Canadian airlines aren’t doing enough to help customers worried about flying on a type of aircraft that has been grounded around the globe following a deadly crash, according to at least one passenger rights expert.
Numerous countries have banned the Boeing 737 Max 8 from their airspace after one of the planes operated by Ethiopian Airlines crashed Sunday minutes after takeoff from Addis Ababa.
The disaster killed 157 passengers and crew, and came less than five months after a 737 Max operated by Indonesia’s Lion Air plunged into the ocean, killing all 189 people on board. Similarities between the two incidents have stoked concerns about the plane among aviation authorities worldwide.
But while China, the United Kingdom, Ireland and the European Union Aviation Safety Agency have suspended flights using the 737 Max, Canada and the United States have not followed suit, and many airlines in those countries are still flying the planes.
Air Canada operates 24 of the Boeing 737 Max planes, while WestJet has 13, and Sunwing four. According to a third-party flight tracking site, Air Canada had 49 flights using the 737 Max 8 scheduled on Wednesday, while WestJet had 38.
In a statement sent late Tuesday night, Sunwing said that while the Federal Aviation Administration had declared the 737 Max 8 air-worthy, the company had decided to “temporarily suspend” its use of the aircraft due to “evolving commercial reasons unrelated to safety, including airspace restrictions being imposed by some of our partner destinations.” The airline said it was in the process of revising its schedule and hoped to minimize the impact to customers. The planes make up less than 10 per cent of its fleet.
The companies hadn’t committed to waiving change or cancellation fees for customers worried about flying on the 737 Max, as of Tuesday evening.
Whitby resident Jonathan Holliwell was in Maui with his wife and three daughters on Tuesday, scheduled to return home Sunday on a 737 Max operated by Air Canada. He said the couple was considering switching to a WestJet flight using a different type of aircraft, but they were concerned they would face significant upfront costs.
“She’s just not in the mood to get on that plane going home,” Holliwell said of his wife. “I’m a little concerned, for sure. Who wouldn’t be?”
He said he was disappointed Air Canada hadn’t committed to waiving its fees.
“Our rights are nothing right now,” he said.
Gabor Lukacs, founder of the Air Passenger Rights advocacy group, said it’s wrong of airlines not to let worried passengers change planes at no cost. Although there is no conclusive evidence that the 737 Max is unsafe, he said, other countries’ decisions to bar the planes means passengers’ fears “are grounded in real fact.”
“I would say the risk at this point is such that forcing passengers to fly on that (model of aircraft) is unethical,” Lukacs said.
Lukacs said that the government deciding to ground all Max 8s would be the “nuclear option,” but recommended Canadian officials do so unless airlines make it easier for worried customers to change flights.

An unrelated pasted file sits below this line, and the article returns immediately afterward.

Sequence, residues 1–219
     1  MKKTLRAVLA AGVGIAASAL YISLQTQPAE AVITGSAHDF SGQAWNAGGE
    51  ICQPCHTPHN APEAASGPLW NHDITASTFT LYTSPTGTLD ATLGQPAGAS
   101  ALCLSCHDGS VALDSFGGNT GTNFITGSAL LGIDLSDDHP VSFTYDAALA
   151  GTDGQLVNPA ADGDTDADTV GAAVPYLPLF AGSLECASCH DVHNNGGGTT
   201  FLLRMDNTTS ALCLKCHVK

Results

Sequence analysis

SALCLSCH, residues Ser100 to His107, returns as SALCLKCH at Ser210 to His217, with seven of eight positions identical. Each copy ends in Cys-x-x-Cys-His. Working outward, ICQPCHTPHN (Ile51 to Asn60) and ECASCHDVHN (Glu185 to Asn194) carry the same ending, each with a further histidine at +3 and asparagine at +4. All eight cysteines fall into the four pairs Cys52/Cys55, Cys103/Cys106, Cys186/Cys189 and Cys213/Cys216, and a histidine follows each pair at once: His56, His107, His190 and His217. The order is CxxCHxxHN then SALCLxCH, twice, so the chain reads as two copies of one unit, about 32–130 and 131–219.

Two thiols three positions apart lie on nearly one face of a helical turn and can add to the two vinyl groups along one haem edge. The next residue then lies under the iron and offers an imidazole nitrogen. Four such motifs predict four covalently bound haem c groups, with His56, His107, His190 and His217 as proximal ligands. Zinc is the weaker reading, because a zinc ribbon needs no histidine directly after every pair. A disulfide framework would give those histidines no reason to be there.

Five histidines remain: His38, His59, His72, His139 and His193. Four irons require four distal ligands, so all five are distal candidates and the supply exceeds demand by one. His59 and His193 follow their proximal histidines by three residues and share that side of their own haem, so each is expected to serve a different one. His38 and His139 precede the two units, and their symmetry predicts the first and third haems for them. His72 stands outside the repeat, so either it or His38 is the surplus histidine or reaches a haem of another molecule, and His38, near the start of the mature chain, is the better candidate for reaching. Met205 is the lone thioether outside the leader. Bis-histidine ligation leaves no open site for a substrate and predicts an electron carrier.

“Because the airlines are not willing to do what is reasonable, there is really only one way for the governments to protect passengers, which is to ground the fleet,” he said.
Air Canada announced Tuesday that it had cancelled four flights between London, U.K., and the Canadian cities of Halifax, N.S., and St. John’s, Nfld., “due to the U.K.’s Civil Aviation Authority banning all Boeing 737 Max aircraft operations.” The flights had been scheduled to take place between Tuesday and Thursday.
In a statement the airline said it was “working to rebook impacted customers as soon as possible through our Montreal, Toronto and Ottawa hubs.” The company advised affected customers that they could change their flights to another date at no charge, but warned that “due to anticipated call volumes, customers can expect delays” reaching call centres.
“Safety is always our overarching principle, and based on real information and data, and ongoing consultations with government safety regulators including Transport Canada and the (U.S. Federal Aviation Administration), we have full confidence in the safety of our fleet,” said Air Canada spokesperson Peter Fitzpatrick.
Fitzpatrick said that Air Canada has instituted a “flexible rebooking policy” for customers “who for their own personal reasons do not wish fly on the 737.” The policy “includes options to change their flights to another aircraft, if available, space permitting.”
He said the airline would deal with customer requests on a “case by case basis” but didn’t rule out that they could face cancellation or change fees.
Morgan Bell, a spokesperson for Calgary-based WestJet, said none of its flights had been impacted by other countries banning the plane.
“WestJet remains actively involved in discussions with Transport Canada, Boeing and fellow Canadian operators of the Boeing Max 737 aircraft and reassures our guests and employees that we will continue to fly with their safety and best interests at the forefront,” she said.
Bell acknowledged “guests may have questions and concerns surrounding their travel plans” but said “WestJet’s normal change/cancel policies will apply” to any who wish to alter their flights.
According to the company’s website, customers who make changes to flights more than 24 hours after booking can be subject to fees of between $100 and $400. Customers who cancel their flights 24 hours after booking aren’t issued any refund if they booked a basic fare, while some other travel classes are given a credit and charged a cancellation fee of between $100 and $600.
Sunwing didn’t return a request for comment on flight change information.